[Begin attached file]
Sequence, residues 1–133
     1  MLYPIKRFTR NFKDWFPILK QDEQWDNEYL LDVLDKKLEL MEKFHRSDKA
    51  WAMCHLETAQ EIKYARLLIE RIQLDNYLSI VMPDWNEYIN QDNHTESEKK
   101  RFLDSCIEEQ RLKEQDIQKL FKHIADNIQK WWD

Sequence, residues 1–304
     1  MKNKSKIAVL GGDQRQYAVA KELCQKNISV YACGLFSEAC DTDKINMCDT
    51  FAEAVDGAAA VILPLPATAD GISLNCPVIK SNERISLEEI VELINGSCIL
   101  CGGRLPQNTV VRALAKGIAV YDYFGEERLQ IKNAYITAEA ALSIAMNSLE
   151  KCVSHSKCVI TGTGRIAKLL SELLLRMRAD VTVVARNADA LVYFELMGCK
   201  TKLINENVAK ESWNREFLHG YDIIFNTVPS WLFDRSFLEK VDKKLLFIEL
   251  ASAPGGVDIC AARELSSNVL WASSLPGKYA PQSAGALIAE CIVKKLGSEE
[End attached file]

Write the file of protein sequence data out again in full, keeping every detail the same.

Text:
Sequence, residues 1–133
     1  MLYPIKRFTR NFKDWFPILK QDEQWDNEYL LDVLDKKLEL MEKFHRSDKA
    51  WAMCHLETAQ EIKYARLLIE RIQLDNYLSI VMPDWNEYIN QDNHTESEKK
   101  RFLDSCIEEQ RLKEQDIQKL FKHIADNIQK WWD

Sequence, residues 1–304
     1  MKNKSKIAVL GGDQRQYAVA KELCQKNISV YACGLFSEAC DTDKINMCDT
    51  FAEAVDGAAA VILPLPATAD GISLNCPVIK SNERISLEEI VELINGSCIL
   101  CGGRLPQNTV VRALAKGIAV YDYFGEERLQ IKNAYITAEA ALSIAMNSLE
   151  KCVSHSKCVI TGTGRIAKLL SELLLRMRAD VTVVARNADA LVYFELMGCK
   201  TKLINENVAK ESWNREFLHG YDIIFNTVPS WLFDRSFLEK VDKKLLFIEL
   251  ASAPGGVDIC AARELSSNVL WASSLPGKYA PQSAGALIAE CIVKKLGSEE